The Greatest Temptation

Biscuit (and Spock)(Creative Commons Image by Britt-Marie Sohlstrom on Flickr)

The first Sunday in Lent is always Jesus’ temptation. Always. But when was the last time you noticed just how brief Mark’s temptation story is? It’s virtually non-existent. A summary only. To the point. No details really. Just that it happened. One could say, and you probably have, “Well, that’s Mark for you. The Reader’s Digest Condensed Version of the Gospel.” Of course, Mark’s version of Jesus’ temptation would be abbreviated!

It’s kind of hard to preach on the temptation of Jesus when there’s not much to go on. Sure, you could bring in Matthew and Luke, but that’s Matthew and Luke. What if we take Mark seriously? Mark — why so short? Not important? Should we be paying attention to something else?

Maybe temptation doesn’t matter as much to Mark, or it matters differently. So then, what does matter? In asking that question it appears that I am giving more weight to the baptism of Jesus which is as brief as his temptation. Which wins? If you choose temptation, then you have to read forward in Mark. What tempts Jesus? What tempts us? Yet Jesus’ baptism totally matters for Jesus’ temptation, as you know. God rips apart the heavens. The Spirit descends. The Spirit enters into Jesus. It seems that no resistance of temptation is successful without the presence of God. And therein lies our promise. Not necessarily that we have the power to defend and deflect temptation. Not that we are capable of taking on Satan in the wilderness, or at least, I know I am not. Not so much that baptism is our guarantee that will shore up the walls to keep out that which seeks to threaten our belief, our trust, our relationship with God.

It’s that now, all battles with evil, with that which tempts us, the game is changed because God is present. We are not asked to do this out on our own, which can be one major misinterpretation of giving up things for Lent. God tears away our every attempt to say, “While I appreciate your help, God, I’ve got this. I can figure it out.” We don’t want help. We don’t want to ask for help. Help is a sign of insecurity, exposes weakness, but more so, when it comes to issues of faith, intimates our inability to thwart sin. It seems we are even good at pretense before God.

But that’s where Jesus’ temptation in Mark should shatter our carefully constructed faith worlds, or at least the ones we create for the eyes of others only. Jesus goes into the wilderness, not with the conviction of success but only because he knows that God has chosen to rip to shreds any boundary, any structure, any ecclesiology, any denomination, any doctrine that would separate him from God. He enters the wilderness only with the promise of God’s presence. Not with fighting skills, not with self-help strategies, not with techniques for passing the tests, but only his personal knowledge because of God’s direct words to him alone that God will be there. To preach the temptation of Jesus in Mark means that our preaching task is not to offer a list of temptations that tempted Jesus that then we should be able to deflect. Really? We are talking about Jesus, after all.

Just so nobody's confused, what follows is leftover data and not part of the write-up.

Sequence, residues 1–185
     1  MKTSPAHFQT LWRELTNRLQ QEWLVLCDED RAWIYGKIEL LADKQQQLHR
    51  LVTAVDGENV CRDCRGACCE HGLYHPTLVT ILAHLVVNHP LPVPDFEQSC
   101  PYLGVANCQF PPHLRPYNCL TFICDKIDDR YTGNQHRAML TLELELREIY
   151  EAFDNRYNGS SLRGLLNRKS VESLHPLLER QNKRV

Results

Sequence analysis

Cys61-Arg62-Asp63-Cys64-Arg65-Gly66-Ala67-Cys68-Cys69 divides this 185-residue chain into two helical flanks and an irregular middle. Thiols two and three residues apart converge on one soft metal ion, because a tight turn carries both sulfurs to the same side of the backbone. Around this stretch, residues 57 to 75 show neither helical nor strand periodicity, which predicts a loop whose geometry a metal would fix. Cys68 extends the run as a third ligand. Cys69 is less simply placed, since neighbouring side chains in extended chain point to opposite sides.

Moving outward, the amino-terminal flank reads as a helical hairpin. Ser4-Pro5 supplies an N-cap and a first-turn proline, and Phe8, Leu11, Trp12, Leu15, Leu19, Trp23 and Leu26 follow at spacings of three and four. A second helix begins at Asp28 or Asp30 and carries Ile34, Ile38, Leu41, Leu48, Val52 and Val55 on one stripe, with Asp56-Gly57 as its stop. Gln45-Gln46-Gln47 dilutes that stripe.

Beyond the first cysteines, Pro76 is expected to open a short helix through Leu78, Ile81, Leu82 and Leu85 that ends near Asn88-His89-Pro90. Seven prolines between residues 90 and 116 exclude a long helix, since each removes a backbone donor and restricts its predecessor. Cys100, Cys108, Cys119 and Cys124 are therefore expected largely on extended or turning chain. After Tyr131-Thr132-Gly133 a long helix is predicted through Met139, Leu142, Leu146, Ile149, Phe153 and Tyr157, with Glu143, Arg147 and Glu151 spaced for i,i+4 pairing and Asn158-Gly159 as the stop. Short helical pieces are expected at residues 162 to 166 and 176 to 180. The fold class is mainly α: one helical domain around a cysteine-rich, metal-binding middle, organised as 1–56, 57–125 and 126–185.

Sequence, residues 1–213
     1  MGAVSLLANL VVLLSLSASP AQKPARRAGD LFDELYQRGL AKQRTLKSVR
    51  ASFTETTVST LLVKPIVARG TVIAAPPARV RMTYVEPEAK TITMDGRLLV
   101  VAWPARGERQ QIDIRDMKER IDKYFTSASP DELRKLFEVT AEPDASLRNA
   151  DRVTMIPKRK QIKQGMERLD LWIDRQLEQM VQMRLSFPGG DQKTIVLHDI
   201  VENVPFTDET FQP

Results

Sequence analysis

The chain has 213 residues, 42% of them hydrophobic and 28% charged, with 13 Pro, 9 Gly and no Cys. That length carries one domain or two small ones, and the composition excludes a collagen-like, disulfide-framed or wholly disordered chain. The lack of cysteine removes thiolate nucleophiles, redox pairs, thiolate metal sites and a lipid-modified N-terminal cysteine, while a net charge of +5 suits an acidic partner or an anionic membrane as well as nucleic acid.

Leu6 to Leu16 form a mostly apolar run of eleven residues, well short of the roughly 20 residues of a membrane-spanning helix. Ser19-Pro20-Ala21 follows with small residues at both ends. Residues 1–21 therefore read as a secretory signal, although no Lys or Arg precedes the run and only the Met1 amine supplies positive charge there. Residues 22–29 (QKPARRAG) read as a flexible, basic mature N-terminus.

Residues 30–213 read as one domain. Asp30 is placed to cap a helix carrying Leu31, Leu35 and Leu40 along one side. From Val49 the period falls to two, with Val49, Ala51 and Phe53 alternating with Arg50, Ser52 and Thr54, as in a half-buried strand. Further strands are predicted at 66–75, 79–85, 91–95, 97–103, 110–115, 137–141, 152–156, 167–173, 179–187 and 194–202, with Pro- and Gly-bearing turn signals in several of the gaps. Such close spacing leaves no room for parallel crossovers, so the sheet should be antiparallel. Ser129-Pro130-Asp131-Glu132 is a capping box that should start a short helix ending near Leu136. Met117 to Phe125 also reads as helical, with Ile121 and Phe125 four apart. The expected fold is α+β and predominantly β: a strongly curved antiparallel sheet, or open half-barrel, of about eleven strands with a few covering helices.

To preach the temptation of Jesus in Mark is to call attention to our greatest temptation — the temptation to think that God is not present.

We are tempted to believe that God is absent. God has given up. Withdrawn. Why? Well, you name it. A whole host of reasons. Need any prompts here? Our parishioners sure don’t. They are fully aware that they are not worthy of God’s love which we tend to perpetuate during Lent. They are fully aware, as are we if we are honest, of those excruciating times when God is silent.

To preach Mark 1:9-15 as the first Sunday in Lent is to say clearly, unapologetically, without any doubt, that God is present in it all. We will not have the same temptations as Jesus. And naming Jesus’ temptations as some sort of comfort in our experience of the same implies that we can get through it, whatever “it” may be. But, we are talking about Jesus. JESUS!! The point of contact is not necessarily that Jesus was tempted yet without sin. That’s not helpful. I can’t be Jesus. No, way, no how. But, I can look at Jesus’ temptation, whatever it is, whatever it turns out to be, and say, God was there.

God is present. In other words, what if we focus less on listing all that tempts us, less on some pep talk that we can deny all those so-called things that seek to get us to craft our golden calves, less on giving up the so-called temptations of our lives, and focus on true denial of that which tempts us the most.